5. Meatballs – Farmsted at Long Meadow Ranch
Best meatballs I ever ate? Yes. Three intensely-flavored, all-beef meatballs in a cast-iron skillet are topped with caramelized onions and tomato marmalade. If you dig a little, you also find soft, delicious greens. Combine this dish with their cheddar biscuits and you might not need to order anything else. If you do decide to keep eating, the ribs are smokey and tender with still the right amount of chew and the chocolate cream pie has an amazing graham cracker crust. But the dish, that almost bumped the best meatballs I ever ate off the list was the potato salad. I can’t tell you what they do to make this potato salad so great. It is just potatoes, bacon, and mustard, but it’s a don’t miss. Also, just for fun, I started off the dinner with a cocktail called “Waterlogged” which seemed very appropriate given the weather.
4. Tea-Smoked Duck Breast – The Slanted Door
All vacation long, no matter what I ate, the dish I most wanted to have again was this duck. In 2014, the Slanted Door won a James Beard Award for best restaurant in the country. I don’t know. That seems a little too much for me. Maybe it caused me to set my expectations too high. I didn’t think the service was that great. The decor inside was just ok. There are a ton of pictures of dogs on the walls for no real reason. Even when they explain to you why, there is still no real reason. What I will say is that they have an amazing view from the Ferry Building looking out at the Bay and the Bay Bridge light show. They also make a great Mai Tai. They have this duck. The duck is not on the menu online. I don’t know if I just got lucky. If so, I got very lucky. There is so much flavor in it. The fat is rendered perfectly so that there is a crisp skin. It is served with perfectly cooked white rice which soaks up the juices running from the duck. As long as this is back on the menu I will be back at the Slanted Door
3. Secret Breakfast Sundae – Humphry Slocombe
Even in cold, rainy weather, people line up for Humphry Slocombe ice cream. With flavors like Fort Point Smoked Manzanita and Drakes Rye Robustito, this place isn’t afraid to make “interesting” creations. By the way, Fort Point Smoked Manzanita was terrible. On the other hand, Secret Breakfast is interesting in a good way. I guess the idea is that someone would secretly drink bourbon at breakfast. Maybe someone puts bourbon on their cornflakes? The ice cream is bourbon, cornflake flavored. That alone would have been good enough for me, but then they make it into a sundae with bourbon-caramel sauce and more crushed cornflakes. The texture is particularly good with the chew of the caramel sauce and the crunch of the cornflakes. I guess some people eat those other flavors, but I think they would do fine just selling this and nothing else.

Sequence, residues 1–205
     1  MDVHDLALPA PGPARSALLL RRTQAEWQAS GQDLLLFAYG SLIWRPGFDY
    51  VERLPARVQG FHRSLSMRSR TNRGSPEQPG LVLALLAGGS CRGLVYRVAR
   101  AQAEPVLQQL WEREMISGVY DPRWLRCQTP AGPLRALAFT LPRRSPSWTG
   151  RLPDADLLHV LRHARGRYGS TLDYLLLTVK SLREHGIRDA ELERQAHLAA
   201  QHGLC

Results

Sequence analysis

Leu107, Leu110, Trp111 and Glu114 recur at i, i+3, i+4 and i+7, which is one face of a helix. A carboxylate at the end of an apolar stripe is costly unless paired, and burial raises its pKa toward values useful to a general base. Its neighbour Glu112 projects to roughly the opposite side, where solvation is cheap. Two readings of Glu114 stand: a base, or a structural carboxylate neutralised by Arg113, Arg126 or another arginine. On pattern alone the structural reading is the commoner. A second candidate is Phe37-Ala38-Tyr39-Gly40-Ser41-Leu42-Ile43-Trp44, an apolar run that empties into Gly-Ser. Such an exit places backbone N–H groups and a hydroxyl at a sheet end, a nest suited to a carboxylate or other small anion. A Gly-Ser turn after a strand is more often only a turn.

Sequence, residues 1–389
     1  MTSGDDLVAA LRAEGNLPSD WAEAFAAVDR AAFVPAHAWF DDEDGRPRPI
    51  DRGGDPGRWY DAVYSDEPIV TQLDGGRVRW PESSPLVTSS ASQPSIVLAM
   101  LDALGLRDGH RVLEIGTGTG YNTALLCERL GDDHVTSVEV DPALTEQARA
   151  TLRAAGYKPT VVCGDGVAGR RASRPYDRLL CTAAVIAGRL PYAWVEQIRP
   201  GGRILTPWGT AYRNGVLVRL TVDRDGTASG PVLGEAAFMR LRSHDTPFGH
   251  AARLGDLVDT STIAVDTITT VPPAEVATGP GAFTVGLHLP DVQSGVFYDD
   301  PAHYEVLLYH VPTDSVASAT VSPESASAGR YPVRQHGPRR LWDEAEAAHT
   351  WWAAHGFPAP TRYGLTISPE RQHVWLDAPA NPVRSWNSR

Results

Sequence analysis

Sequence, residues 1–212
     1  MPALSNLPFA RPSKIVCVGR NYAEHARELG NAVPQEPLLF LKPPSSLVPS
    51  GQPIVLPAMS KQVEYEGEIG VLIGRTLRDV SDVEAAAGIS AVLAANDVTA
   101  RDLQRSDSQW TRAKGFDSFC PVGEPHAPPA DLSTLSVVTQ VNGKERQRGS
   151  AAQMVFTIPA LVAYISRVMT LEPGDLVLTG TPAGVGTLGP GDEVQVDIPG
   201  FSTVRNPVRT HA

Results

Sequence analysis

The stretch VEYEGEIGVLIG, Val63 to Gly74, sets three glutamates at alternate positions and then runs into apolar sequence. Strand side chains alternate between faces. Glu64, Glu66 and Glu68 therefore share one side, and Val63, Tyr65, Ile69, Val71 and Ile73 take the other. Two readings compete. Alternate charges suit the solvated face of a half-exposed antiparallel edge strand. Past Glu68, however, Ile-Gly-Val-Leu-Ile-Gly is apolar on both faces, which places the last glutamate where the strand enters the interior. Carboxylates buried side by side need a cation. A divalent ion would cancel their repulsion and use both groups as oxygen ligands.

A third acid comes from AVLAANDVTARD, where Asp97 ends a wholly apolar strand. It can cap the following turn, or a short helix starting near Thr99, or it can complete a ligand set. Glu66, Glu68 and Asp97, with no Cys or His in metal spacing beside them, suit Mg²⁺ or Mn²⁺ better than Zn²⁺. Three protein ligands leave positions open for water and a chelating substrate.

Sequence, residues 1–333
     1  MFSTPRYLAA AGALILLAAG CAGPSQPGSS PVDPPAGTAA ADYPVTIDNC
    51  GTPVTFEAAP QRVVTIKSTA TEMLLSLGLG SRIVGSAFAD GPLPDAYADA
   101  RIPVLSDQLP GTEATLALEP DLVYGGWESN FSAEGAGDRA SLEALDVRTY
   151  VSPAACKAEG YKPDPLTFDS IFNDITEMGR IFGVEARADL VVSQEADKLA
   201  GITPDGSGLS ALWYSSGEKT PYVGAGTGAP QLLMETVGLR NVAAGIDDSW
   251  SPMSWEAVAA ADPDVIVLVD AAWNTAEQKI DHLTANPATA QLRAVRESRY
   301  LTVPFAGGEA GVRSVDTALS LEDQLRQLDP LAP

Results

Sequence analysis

2. Egg Custard with Truffle Ragout – The French Laundry
The service at the French Laundry was perfect. From start to finish I was impressed with the way they made you feel welcomed and special. The atmosphere was refined and sophisticated. I know I take pictures of everything, but for this one meal, I decided to put my camera away. So rather than a picture of this amazing dish, I will share my picture of the brand new kitchen at the French Laundry. It cooked its first meal for the general public on February 18th just a few days before they cooked for me. If you want to see it, just search “egg custard french laundry”. The pictures there look pretty much like I remember it. The dish is an egg custard topped with a black truffle ragout and a potato crisp served in an egg shell. It was a little, extra course not originally on the menu. Great service, great dish, great dinner. It actually took about 1200 calls over five hours to get through to make this reservation. Sounds crazy, but completely worth it.
1. Flambéed Bananas and Tres Leches – Gary Danko
So even I am surprised that a dessert made the top spot on the list, but the food at Gary Danko was so good that all of the courses would have made the list. The savory courses of crab salad and duck breast were both beautifully done. The poached farm egg with bacon probably was a very, very close second. Even the banana cream cake that they gave as a parting gift was moist and packed with banana flavor. It made a perfect breakfast as I packed my suitcase the next morning. The service was excellent and the room was beautiful. But most of all I was overjoyed to find my two favorite desserts combined into one and prepared table side. I could have been swayed by the three-foot flame, but the delicious combination of bananas flambé on top of tres leches cake was the ideal end to my final dinner in San Francisco. Paired with a little aged Guatemalan rum the dessert at Gary Danko was my favorite food on my trip to San Francisco and Napa.